Researchers at the US Department of Energy have found a way to turn sewage sludge into biocrude – a renewable source of energy very like the fossil fuel crude oil. The technology is being developed at wastewater treatment plants to try to make use of the fuel we flush down the toilet.

The technology – called hydrothermal liquefaction – is based on the processes in the Earth's crust to produce crude oil.

The sludge goes into a tube that is hot and pressurised to about 360 ˚C and 300 pounds per square inch – nearly 100 times more pressurised than a car tyre. "When the organic material in the water is subjected to those kinds of conditions they start to break apart," Corinne Drennan, who is responsible for bioenergy technologies research at the department's Pacific Northwest National Laboratory, told IBTimes UK.

Researchers at PNNL have been working to develop the method for decades. In the past six years, the research has really taken off to become viable, Drennan says.

"When you think about biomass in general and the oxygen in it, it makes it extremely reactive," she says. The result of the process is a mixture of solids in the form of tar and two liquids – a watery layer and a layer of biocrude that can be distilled to make fuels. "The best thing about this process is how simple it is," says Drennan. "The reactor is literally a hot, pressurised tube."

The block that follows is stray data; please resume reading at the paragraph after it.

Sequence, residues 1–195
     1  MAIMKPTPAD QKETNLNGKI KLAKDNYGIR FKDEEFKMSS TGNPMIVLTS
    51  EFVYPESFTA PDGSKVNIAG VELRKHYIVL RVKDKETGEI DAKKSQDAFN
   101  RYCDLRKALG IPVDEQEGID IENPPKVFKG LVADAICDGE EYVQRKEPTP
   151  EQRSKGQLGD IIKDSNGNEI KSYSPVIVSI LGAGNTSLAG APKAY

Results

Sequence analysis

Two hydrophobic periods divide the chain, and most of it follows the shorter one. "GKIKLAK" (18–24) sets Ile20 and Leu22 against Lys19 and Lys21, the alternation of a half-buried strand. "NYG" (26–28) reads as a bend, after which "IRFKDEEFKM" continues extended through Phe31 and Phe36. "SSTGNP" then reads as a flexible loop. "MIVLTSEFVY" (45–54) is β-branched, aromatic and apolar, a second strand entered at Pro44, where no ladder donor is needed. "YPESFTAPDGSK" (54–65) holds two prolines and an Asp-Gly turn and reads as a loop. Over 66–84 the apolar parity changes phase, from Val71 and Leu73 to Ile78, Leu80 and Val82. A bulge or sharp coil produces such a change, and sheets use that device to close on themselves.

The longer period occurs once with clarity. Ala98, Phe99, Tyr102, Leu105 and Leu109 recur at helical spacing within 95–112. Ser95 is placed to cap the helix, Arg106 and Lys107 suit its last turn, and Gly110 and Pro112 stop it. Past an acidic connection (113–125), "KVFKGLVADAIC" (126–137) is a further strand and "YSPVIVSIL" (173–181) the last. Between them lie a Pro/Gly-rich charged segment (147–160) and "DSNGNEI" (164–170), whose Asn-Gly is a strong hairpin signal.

Biocrude
Biocrude oil, made from wastewater treatment plant sludge, looks and performs virtually the same as fossil petroleum. Courtesy of WE&RF

We flush a lot of energy down the toilet, including high-energy fats, Drennan says. As well as being a source of carbon, they help to keep the machinery of the system working smoothly. "The fats or lipids appear to facilitate the conversion of other materials in the wastewater such as toilet paper, keep the sludge moving through the reactor and produce a very high quality biocrude that, when refined, yields fuels such as gasoline, diesel and jet fuels," she says.

The research has been picked up by Genifuel Corporation – which has won the license to use the technology – and Metro Vancouver, an association of more than 20 local authorities in British Colombia in Canada that treats wastewater.

These organisations are actively seeking funds at the moment to start running pilots for the technology, Drennan says. "This is a group of wastewater treaters and owners that get together to look at new technology to find ways to improve their emissions. They're well positioned to take some risks."

Sewage sludge
Sludge from Metro Vancouver's wastewater treatment plant before it is turned into biocrude oil at Pacific Northwest National Laboratory. Courtesy of WE&RF